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Address on the occasion of a State Dinner in honour of the Governor-General hosted by the President of the Republic of Turkey.

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26 APRIL 2006

Thank you, Your Excellency, for your very warm welcome to my wife, me and my delegation on the first official visit by an Australian Governor-General to Turkey. It has been a deeply enriching experience, encompassing visits to Istanbul, Izmir, Ephesus, Canakkale, Troy and Gallipoli.   Our Government was delighted to welcome your Prime Minister, Mr Erdoðan to Australia last December; the first visit by a Turkish Prime Minister to our country. And in coming months, Australia will welcome Foreign Minister Gül who will open the magnificent new Turkish Embassy in Canberra.   These visits highlight the great progress both our countries have made in strengthening bilateral relations.   In thinking of Turkey, one is reminded of its magnificent pageant of history, peoples and cultures, from the Hittites, through the epic Trojan Wars, the classical Hellenistic, Roman and Byzantine civilisations, and the great Ottoman Empire, from which emerged the modern Turkish Republic.   Australians also marvel at the architecture of Turkey - sublime classical traditions which culminated in the magnificent Haggia Sophia, and the Seliniye - evidence of the genius of the architect Sinan. And indeed the world has long been captivated by Turkish art - the ceramics, jewellery, miniature paintings, calligraphy, the elevation of gardens to a high art form, and the cultivation of plants universally loved, such as the tulip and the rose.   This ancient city of Ankara itself has been receptive to centuries of cultural influence. The name, tracing its derivation to 'anchor', is just that - an ancient city anchored in the past but not bound to it, capital of the Turkish Republic and forward looking.   Mr President. Australia and Turkey have long enjoyed a very special friendship that was born out of war. For Australians, Gallipoli is a place where, despite defeat, the soldiers of our young nation gave Australia the core of our national identity based on their example of courage, comradeship, compassion and personal endurance. As the Turkish proverb notes: "A lion sleeps in the heart of every brave man."   We in Australia recognise that Gallipoli was also crucially important to the development of the modern Turkish Republic. The Battle of Çanakkale was a great victory for Turkey and a moment in history when Mustafa Kemal Atatürk, emerged as a brilliant military commander and the revered future leader of his people. Indeed his leadership ensured the creation of your Republic.     Atatürk's words written 72 years ago continue to resound strongly in the hearts and minds of all Australians:   "You, the mothers who sent your sons from far away countries, wipe away your tears.  Your sons are now lying in our bosom and are in peace.  After having lost their lives on this land, they have become our sons as well."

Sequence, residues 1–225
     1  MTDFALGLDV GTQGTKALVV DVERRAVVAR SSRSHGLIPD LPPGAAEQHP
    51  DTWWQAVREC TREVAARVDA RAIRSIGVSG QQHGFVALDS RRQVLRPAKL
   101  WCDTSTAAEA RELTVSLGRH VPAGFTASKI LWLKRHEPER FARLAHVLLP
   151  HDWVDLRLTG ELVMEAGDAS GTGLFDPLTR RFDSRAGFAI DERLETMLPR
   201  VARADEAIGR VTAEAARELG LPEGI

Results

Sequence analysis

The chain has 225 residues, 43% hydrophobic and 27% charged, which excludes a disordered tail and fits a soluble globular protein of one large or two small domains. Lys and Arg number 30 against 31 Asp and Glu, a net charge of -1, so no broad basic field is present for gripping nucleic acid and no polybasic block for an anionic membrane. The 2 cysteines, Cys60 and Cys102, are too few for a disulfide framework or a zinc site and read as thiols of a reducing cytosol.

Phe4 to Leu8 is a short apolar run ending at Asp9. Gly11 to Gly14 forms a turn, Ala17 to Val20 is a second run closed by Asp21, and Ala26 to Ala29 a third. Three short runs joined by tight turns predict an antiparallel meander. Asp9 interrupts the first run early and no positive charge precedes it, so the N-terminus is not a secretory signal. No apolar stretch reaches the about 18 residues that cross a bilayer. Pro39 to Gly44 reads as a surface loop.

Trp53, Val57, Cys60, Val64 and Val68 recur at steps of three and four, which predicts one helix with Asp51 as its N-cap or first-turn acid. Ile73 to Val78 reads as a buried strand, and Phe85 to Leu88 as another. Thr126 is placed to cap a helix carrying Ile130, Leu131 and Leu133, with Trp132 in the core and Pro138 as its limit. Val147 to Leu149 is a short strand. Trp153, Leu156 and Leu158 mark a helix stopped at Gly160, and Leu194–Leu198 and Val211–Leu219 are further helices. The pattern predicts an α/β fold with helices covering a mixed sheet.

A leader is truly great when he can embrace his fallen enemies as 'sons'.